I just lost my empathy for Suzanna around the time she was trying to get Sam to use drugs or maybe it was when she told George Sam was “just a friend.” It is absolutely nothing personal against the actress. I'm not sure what her direction and aim toward the character was but if it was to not make us have empathy or sympathy for Suzanna later, she succeeded.
I would have liked to see how Suzanna viewed herself in light of this behavior. Is she aware of how her conduct harmed Sam? Does she hold herself up as a great human being? Does she feel ANY remorse at all for playing these men? I suppose I saw none so that led to me losing any empathy toward her and really wanting her to be the recipient of an Eminem style verbal smackdown. Another random fact about me is that I have been told I think like a guy with regard to relationships so I despise fickle females like Olive Oyl from the “Popeye” cartoons.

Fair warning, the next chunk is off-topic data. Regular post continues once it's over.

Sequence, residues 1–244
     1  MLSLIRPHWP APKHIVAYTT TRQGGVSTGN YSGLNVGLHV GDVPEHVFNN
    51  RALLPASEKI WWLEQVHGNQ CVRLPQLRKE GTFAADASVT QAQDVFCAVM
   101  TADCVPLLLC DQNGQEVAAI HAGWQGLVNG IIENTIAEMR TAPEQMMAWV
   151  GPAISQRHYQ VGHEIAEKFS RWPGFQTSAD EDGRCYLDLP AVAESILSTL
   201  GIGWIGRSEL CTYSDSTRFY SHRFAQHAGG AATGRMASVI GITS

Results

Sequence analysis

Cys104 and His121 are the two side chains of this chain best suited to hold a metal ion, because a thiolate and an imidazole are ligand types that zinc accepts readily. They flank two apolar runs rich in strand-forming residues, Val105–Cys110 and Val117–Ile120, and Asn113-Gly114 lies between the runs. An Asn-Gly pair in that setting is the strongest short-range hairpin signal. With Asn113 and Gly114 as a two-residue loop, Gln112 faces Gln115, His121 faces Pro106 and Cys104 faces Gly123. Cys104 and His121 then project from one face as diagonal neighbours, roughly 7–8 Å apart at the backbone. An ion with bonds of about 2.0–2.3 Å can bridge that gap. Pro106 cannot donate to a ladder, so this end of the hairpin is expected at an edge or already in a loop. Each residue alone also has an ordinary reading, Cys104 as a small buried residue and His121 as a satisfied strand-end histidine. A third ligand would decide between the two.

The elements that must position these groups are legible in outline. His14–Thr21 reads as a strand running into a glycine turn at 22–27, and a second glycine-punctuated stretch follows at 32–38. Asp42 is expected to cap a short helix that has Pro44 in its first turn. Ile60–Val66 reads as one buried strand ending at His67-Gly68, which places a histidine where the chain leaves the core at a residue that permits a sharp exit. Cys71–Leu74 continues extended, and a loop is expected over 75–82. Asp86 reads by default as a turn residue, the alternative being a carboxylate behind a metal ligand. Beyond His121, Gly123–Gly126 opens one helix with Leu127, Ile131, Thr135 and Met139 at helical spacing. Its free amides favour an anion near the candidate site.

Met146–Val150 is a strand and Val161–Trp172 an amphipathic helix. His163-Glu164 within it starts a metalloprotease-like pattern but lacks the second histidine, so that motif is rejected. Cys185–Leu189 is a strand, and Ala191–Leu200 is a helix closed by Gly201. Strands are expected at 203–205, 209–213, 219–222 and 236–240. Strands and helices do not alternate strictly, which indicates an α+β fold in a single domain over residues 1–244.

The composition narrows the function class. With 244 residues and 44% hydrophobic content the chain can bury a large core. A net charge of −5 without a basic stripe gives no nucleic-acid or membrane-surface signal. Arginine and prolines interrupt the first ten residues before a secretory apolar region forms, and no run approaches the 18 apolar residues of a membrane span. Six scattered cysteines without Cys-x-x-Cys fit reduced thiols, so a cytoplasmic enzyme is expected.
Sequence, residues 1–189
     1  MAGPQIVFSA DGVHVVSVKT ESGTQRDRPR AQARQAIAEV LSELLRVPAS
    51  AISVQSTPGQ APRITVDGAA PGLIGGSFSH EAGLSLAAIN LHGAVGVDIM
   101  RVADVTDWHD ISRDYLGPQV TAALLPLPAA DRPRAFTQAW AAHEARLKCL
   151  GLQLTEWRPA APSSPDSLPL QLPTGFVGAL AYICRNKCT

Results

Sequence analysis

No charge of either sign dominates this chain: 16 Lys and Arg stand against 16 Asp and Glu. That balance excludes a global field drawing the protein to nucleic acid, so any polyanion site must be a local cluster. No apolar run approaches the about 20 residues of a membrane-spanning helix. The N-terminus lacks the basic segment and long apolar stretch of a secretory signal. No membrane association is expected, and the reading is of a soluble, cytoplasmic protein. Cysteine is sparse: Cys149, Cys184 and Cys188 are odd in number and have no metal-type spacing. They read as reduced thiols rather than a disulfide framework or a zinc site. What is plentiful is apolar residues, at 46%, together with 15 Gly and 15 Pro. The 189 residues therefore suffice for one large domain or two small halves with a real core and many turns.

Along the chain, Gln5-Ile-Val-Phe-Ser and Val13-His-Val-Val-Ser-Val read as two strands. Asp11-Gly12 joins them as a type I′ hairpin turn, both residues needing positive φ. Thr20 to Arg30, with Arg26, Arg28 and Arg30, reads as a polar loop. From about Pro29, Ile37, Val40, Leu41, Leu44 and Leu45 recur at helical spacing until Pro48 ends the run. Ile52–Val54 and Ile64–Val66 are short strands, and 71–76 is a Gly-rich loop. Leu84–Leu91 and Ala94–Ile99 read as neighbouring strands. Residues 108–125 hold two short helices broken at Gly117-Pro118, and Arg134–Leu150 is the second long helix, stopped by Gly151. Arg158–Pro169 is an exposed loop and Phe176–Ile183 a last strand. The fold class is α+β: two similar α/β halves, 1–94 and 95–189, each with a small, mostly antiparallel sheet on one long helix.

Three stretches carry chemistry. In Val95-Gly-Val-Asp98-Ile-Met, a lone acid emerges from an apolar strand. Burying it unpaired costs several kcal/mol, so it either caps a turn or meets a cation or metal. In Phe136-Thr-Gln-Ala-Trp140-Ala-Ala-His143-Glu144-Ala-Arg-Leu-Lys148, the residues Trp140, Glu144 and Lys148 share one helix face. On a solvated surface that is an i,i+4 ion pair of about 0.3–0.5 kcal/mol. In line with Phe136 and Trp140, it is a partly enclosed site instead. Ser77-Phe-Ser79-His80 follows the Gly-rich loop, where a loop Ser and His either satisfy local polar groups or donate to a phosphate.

Thank God for Fantasy Suzanna. I feel like she deserved a better introduction earlier on and the actress herself was underutilized. She brought a quiet, calming presence to the proceedings and her talking sense into Sam made me leave the show feeling a little better about humanity.
I've been to Theater for The New City a few times, even doing a show there myself once but had never been to the Johnson Theater. Nice auditorium and I liked the set design for this show. It seems the writer was also taping the show and I overheard him speaking to audience members near me about this show; he said that it was a work in progress until he got it to Broadway. Well, as a woman I would have liked to see where I could feel any real empathy for actual Suzanna later on vs. thinking she's another portrait of why men don't trust or have any loyalty to good hearted women who'd never put crass materialism ahead of true love.